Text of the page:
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Navigating The Security Obstacle Course Of 2018

Computer Security

The last few years have seen a veritable explosion in the gruelling fitness obstacle courses such as Tough Mudder. During these events, participants push themselves to their physical limits in the hope of reigning supreme against their friends or co-workers. The consequences of failure? A wasted entry fee, loss of time and, of course, the associated reputational damage and no bragging rights.

The popularity of obstacle races such as these is mirrored in security and IT departments. Today, these teams face an unforgiving and obstacle-filled cybersecurity landscape, full of increasingly sophisticated challenges. A significant difference is that they are unwilling participants and the consequences of failure, in terms of financial and reputational damage, are far more severe.

With 2017 recording a rising number of cyberattacks, 2018 is sure to be a landmark year for the global threat landscape. The fitness of security organisations will be tested by the sheer number of new malware variants and the introduction of new regulatory frameworks, such as the General Data Protection Regulation (GDPR). Smart companies will adopt a disciplined training regime and create a contingency plan to respond to some of the top InfoSec threats expected this year.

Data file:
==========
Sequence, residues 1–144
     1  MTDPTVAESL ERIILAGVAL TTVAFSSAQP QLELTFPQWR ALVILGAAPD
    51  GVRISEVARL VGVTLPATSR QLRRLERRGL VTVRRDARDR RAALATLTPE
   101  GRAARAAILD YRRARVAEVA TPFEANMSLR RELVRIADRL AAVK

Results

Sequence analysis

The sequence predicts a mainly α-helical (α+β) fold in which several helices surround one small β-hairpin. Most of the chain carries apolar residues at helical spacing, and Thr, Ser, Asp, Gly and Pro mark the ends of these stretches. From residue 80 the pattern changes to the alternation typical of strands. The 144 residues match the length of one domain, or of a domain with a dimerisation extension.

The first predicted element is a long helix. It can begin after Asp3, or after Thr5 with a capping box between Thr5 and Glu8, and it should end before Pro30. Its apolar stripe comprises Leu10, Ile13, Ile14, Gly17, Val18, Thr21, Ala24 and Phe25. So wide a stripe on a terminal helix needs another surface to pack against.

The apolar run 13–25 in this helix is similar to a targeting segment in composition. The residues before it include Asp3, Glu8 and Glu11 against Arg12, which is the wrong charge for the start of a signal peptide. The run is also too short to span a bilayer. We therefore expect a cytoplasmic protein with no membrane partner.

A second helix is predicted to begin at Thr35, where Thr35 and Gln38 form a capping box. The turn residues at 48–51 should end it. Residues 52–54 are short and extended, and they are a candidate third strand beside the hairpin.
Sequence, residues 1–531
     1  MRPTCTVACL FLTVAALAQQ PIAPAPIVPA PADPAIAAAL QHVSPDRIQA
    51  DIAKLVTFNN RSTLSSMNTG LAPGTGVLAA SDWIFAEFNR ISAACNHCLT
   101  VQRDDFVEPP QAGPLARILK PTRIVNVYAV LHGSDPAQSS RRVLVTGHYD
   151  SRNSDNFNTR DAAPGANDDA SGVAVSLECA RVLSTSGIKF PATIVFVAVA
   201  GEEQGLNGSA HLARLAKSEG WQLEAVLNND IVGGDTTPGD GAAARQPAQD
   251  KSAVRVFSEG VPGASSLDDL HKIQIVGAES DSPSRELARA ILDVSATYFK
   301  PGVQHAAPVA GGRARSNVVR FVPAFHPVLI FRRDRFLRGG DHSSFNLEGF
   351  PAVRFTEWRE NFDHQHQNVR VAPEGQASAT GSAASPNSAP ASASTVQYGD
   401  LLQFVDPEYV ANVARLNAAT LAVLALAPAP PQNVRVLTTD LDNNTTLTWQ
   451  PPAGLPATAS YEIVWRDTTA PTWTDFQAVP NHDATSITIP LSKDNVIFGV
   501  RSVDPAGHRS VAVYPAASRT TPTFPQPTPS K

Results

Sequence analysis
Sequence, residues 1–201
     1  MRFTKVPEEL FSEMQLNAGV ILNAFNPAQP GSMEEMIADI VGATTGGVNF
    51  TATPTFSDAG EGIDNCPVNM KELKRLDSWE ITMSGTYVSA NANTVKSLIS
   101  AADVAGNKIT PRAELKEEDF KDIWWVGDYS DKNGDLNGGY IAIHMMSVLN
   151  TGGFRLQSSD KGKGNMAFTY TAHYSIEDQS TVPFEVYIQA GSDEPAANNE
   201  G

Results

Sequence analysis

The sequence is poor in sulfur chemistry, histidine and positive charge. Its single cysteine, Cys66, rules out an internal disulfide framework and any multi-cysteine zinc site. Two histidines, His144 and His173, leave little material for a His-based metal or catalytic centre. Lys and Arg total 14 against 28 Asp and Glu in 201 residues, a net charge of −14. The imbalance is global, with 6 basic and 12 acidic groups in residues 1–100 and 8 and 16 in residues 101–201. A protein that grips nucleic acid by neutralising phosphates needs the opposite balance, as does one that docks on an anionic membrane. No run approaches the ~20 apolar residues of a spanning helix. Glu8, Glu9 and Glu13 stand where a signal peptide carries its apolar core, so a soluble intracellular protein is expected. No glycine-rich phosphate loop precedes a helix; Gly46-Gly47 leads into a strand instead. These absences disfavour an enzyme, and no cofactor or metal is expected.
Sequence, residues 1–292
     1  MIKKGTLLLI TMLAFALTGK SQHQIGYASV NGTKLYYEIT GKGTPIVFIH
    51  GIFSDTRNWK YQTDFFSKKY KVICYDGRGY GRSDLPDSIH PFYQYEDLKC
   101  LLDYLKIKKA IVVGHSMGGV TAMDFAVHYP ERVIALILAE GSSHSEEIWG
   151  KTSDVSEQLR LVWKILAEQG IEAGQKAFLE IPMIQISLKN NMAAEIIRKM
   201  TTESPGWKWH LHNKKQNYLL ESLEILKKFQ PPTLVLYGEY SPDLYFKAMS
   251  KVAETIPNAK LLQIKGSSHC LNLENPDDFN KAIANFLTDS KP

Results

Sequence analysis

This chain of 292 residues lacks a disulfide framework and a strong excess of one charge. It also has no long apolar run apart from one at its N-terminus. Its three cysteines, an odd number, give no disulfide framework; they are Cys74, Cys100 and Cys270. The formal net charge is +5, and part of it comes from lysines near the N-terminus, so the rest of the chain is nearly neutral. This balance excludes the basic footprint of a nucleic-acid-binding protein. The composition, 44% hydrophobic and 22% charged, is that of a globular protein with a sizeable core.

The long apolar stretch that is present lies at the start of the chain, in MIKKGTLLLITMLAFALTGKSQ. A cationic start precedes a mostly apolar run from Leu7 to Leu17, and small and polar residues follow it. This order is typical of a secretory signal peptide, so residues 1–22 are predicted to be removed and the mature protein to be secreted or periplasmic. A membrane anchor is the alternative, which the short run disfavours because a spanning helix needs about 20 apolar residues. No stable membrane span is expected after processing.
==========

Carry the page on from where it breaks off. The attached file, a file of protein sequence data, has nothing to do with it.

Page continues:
Ransomware

Last year could easily be dubbed the “year of ransomware,” with both WannaCry and NotPetya causing massive amounts of damage to organisations worldwide. As a result, organisations have exponentially increased the implementation of cybersecurity solutions that can detect and mitigate against file-based ransomware. In response, cybercriminals have taken actions, too. To protect their revenue streams, cybercriminals are seeding out more file-less ransomware variants. Rather than embed malicious code in a compromised installer or documents, these ransomware variants deliver their malicious code to run in device memory (RAM). 

The only way to mitigate the damaging effects of these clever new strains of ransomware is to have real-time endpoint recovery on every laptop and desktop. By being able to roll back affected machines quickly and easily, companies can recover from an attack in a matter of minutes, rather than days — without having to pay ransom.

Phishing

Phishing campaigns are typically fraudulent email messages that appear to come from legitimate enterprises or someone known to the recipient. The email scams are designed to take advantage of human nature and then deliver a malware payload onto an endpoint, which could potentially spread throughout an organisation. To ramp up protection for businesses, email clients are consistently getting better at identifying suspicious emails that shouldn’t be opened or attachments that shouldn’t be downloaded. However, it is not uncommon for emails to slip through this protective net.

The only way to significantly reduce the risks of targeted phishing campaigns is employee training. The goal of effective phishing training is to prepare employees for the responsibility of spotting and reporting suspected phishing attacks. Adding an element of shock value to the training itself can be an effective way to teach employees this responsibility. For example, organisations can simulate a breach and evaluate how employees respond. Police and military undergo real-life training exercises to put academic learning into practice. Similar methods can certainly be used for enterprise information security.